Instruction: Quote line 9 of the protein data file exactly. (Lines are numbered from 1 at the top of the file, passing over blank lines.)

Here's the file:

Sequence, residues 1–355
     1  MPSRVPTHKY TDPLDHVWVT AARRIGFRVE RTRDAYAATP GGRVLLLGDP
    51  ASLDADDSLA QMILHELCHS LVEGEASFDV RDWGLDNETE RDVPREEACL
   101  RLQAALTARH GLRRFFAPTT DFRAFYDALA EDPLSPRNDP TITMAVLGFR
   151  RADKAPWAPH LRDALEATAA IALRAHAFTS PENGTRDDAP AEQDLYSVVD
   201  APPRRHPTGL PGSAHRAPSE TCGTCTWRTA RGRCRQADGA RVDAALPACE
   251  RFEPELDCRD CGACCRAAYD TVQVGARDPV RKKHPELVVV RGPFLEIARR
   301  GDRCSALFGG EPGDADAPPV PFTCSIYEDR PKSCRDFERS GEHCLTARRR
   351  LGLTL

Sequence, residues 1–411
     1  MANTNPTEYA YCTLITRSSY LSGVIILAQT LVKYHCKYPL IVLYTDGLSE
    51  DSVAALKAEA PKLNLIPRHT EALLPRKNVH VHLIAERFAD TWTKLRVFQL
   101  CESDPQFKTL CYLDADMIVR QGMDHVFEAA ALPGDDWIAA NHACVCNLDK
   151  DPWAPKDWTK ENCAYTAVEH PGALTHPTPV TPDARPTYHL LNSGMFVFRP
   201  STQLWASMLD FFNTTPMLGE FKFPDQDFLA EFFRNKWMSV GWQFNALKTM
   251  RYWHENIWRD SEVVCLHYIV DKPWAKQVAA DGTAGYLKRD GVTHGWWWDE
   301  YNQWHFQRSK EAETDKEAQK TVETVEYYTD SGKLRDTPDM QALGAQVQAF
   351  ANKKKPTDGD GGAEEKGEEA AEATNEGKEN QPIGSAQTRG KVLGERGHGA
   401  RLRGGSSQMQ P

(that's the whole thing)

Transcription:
   351  LGLTL